Many Cornish towns have inherited narrow, steep streets that may be slightly harder to navigate but for a foody they are worth exploring. Webb Street in particular is on my gourmet radar as it’s quickly becoming the place to eat in Fowey.

The Quay Bakery’s windows have rows of marshmallows, malteasers and other sweet treats in old fashioned glass jars and the busy till is surrounded by stacks of pain au chocolat and daily croissants, caper and sea salt focaccia, muffins, sourdoughs and freshly baked bread. Plus, all the bread baskets and traditional bannetons that you’d expect to find in rural French Boulangerie. Tom describes it as having an accidentally French feel’, it’s a real bakery with the oven in the heart of the shop that looks quite artisan’. However, this is not a village in France this is a taste of Cornwall Life...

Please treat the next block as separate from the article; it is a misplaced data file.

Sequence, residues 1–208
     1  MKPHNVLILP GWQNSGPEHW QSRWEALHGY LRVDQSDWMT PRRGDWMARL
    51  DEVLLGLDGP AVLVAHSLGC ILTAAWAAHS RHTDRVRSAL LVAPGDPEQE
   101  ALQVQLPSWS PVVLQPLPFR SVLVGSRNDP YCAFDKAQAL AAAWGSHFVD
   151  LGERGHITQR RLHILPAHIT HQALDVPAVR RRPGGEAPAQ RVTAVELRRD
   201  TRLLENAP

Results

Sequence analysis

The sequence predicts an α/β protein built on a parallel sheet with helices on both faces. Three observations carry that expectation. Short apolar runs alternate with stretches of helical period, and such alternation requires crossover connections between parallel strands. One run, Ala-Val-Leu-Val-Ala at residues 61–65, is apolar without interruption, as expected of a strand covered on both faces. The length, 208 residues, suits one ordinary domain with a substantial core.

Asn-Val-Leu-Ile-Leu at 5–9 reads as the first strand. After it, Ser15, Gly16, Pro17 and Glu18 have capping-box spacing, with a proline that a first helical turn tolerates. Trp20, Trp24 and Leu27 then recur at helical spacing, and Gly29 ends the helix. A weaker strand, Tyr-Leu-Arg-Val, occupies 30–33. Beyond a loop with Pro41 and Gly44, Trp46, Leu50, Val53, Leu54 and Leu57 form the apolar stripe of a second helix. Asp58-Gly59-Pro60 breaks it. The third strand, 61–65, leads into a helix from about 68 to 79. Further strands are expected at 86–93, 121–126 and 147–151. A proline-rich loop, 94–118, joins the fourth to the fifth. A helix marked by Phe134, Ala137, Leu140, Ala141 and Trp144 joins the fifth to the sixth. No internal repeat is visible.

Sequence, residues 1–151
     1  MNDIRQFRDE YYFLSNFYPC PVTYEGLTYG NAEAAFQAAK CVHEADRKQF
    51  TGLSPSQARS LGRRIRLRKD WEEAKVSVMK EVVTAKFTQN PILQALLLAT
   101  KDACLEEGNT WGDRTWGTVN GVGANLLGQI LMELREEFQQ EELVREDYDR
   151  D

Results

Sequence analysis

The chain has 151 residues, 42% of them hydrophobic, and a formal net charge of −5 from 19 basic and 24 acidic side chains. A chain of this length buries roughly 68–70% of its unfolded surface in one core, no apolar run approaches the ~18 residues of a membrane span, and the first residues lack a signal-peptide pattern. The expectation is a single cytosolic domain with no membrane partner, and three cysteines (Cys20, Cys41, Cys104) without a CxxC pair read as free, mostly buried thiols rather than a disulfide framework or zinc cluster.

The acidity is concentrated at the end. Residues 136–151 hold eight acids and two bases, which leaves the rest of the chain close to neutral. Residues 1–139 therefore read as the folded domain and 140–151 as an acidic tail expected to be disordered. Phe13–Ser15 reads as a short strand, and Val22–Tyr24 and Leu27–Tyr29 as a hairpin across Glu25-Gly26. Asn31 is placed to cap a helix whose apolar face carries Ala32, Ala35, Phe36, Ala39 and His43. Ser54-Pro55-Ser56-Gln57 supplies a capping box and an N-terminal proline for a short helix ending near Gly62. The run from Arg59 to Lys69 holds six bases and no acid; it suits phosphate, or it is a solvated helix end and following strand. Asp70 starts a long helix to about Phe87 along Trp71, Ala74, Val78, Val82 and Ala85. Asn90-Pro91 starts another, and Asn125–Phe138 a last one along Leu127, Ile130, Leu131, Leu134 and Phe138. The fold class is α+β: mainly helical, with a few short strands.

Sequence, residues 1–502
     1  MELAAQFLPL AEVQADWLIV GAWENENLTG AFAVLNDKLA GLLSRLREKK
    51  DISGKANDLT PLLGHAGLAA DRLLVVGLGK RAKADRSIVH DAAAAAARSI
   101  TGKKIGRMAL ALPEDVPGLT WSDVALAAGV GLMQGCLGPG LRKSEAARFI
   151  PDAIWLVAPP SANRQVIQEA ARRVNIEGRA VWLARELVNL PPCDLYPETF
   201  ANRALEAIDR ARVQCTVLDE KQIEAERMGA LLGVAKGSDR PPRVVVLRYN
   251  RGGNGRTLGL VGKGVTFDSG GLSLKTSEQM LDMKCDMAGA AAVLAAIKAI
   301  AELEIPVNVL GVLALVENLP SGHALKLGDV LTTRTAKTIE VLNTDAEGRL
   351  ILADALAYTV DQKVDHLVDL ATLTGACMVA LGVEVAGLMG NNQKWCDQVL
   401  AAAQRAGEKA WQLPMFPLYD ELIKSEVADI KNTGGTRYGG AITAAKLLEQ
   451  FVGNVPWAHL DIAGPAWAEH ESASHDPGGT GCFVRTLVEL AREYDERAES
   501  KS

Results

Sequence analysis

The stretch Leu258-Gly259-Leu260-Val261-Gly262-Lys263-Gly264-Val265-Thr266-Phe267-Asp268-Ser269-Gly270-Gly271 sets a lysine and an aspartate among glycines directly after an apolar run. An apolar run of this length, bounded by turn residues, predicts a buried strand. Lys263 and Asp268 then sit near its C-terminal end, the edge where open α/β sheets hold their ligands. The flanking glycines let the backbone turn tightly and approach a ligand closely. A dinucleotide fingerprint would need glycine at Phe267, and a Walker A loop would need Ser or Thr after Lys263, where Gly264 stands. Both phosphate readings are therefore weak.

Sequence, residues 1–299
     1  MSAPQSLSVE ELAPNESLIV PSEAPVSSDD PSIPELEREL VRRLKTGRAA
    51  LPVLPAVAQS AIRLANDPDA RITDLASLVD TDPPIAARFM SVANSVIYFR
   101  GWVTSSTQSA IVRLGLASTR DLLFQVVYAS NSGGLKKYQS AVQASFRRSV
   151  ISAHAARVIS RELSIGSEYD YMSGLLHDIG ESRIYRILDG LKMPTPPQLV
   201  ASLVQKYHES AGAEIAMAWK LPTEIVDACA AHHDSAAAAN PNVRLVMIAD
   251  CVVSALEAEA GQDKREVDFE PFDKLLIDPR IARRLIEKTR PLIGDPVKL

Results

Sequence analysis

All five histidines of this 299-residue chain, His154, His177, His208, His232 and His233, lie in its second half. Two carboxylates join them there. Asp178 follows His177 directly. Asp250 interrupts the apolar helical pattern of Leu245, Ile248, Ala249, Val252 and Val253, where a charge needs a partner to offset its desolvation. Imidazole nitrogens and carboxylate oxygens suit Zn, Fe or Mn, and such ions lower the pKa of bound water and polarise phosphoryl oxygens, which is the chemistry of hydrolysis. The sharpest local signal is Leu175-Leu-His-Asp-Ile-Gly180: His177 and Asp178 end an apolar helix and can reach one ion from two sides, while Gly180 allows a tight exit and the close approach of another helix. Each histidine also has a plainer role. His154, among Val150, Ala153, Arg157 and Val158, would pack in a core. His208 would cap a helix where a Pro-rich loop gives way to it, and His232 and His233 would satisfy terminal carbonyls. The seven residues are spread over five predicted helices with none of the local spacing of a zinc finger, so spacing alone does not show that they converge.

I visited Tom and Nicky and asked them about how their bread business started? They explained how it came about after 5 pints of Ginger Tosser’ but really the story of the Quay Bakery goes back much further. As a couple the two of them have always been passionate about food and working together has been the culmination of lots of time in the industry. From chalets, to metal working, fish and chips to camper-vans they are now living the dream with a thriving bakery and shop. Tom is the baker and Nicky does much of the admin and dealing with wholesale customers whilst also baking all the cakes. When I asked about his background Tom told me how he trained as a Pastry Chef in Bristol and worked some time at the River Station. But in many ways fell into baking through a more technical interest. He studied an art and design degree, did metal work and then started cheffing. Part-time work grew into a proper career and his training fed his enthusiasm.